Graham McBeth, President of Avnet Abacus, talks to CIE about the importance of adapting to change in the distribution market.
The distribution landscape of 2012 is a very different picture to the one of thirty years ago when the industry was awash with small dealers knocking on customers’ doors. Deals were generally struck based on simple buy and sell agreements without a contract in sight, and the rapport with the customer was, more often than not, the key factor in how business was won.
By the early nineties, however, suppliers started to demand a more structured approach to sell their products, insisting on formal franchise and inventory agreements, thereby shaping the value-added distribution model that exists today. Relationships along the supply chain are now as important as ever, but the nature of those relationships has changed, with distributors regarded as an extension of the suppliers’ sales force, actively promoting their products, holding inventories and handling customers’ logistics while the suppliers concentrate on their core competencies of design and manufacture. Both customers and suppliers now expect a high level of technical proficiency across a wide range of technologies.
Although small dealers have not disappeared completely from the scene, it is those distributors that adapted their businesses to fulfill the new value-added role that have seen immense growth and are now the major industry players. Consolidation has played a sizeable part in this transformation. A profusion of acquisitions in recent years has caused the numbers of smaller distributors to diminish, leaving just a handful of companies to dominate the market internationally. Take Abacus, for example: succeeding as a specialist interconnect, passives, electro-mechanical and power/battery (IPE) distribution business in 2009, and today boasting a turnover of £300 million as part of the multi-billion dollar Avnet conglomerate. Success at this level is the result of shrewd investment in bringing together thriving businesses that contain the best skills and infrastructure to add value to the entire supply chain.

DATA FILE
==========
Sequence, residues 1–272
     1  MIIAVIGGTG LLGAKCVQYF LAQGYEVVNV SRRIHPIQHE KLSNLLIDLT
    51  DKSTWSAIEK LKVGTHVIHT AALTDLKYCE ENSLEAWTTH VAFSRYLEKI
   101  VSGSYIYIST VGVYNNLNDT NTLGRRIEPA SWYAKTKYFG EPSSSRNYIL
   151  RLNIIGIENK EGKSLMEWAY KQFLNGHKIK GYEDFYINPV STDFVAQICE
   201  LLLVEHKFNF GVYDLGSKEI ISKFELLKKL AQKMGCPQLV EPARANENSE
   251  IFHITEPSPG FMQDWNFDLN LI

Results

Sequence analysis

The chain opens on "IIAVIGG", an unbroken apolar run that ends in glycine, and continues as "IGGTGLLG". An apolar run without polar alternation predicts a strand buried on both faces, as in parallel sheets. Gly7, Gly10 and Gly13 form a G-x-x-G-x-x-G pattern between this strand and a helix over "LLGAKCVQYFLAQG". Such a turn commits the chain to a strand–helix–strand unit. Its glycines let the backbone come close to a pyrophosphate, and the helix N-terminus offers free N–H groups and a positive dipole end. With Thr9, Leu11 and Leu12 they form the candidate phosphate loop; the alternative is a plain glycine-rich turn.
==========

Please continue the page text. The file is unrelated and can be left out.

At no time has this been more important than in today’s fast-moving world of technology. As suppliers have become increasingly innovative, the diversity of electronic goods available on the market has escalated unimaginably, creating a colossal demand for a vast array of electronic devices. Faced with endless choice in a hugely competitive environment, and confident of the quality of service, expertise and global reach of the big distribution companies, many customers now rely on these distributors to assist with product selection, and have formed strategic partnerships to help bring their projects to market more quickly.
Growth has become synonymous with globalization, and it is an incontrovertible fact that those distributors with an international presence are the ones that will continue to propagate. Global is a relatively new word however, and there are still comparatively small numbers of customers who are truly global, which means that local presence in a local market is still fundamental to success. Distributors, like Avnet Abacus in Europe, that are structured geographically to cultivate strong local customer relationships, and at the same time have the capability to develop a worldwide platform, provide the perfect balance.
The distribution landscape today is condensed and very strong, made up of companies that survived the dotcom crash of 2000 and the severe recession of 2009. These are formidable players that have adapted to change and grown through consolidation, innovation and partnerships and have the appetite to be in the industry for the long haul. Continued investment in value-added relationships and a willingness to embrace change will be vital to their future success.